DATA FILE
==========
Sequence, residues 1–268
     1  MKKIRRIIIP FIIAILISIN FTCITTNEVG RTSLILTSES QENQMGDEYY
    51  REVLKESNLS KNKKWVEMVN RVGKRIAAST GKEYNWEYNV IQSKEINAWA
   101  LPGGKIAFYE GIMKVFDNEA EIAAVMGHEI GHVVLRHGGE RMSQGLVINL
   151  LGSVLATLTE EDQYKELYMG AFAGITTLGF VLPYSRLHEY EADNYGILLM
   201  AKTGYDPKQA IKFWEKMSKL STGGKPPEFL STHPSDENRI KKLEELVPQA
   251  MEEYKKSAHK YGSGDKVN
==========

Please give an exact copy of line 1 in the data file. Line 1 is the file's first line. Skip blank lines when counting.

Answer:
Sequence, residues 1–268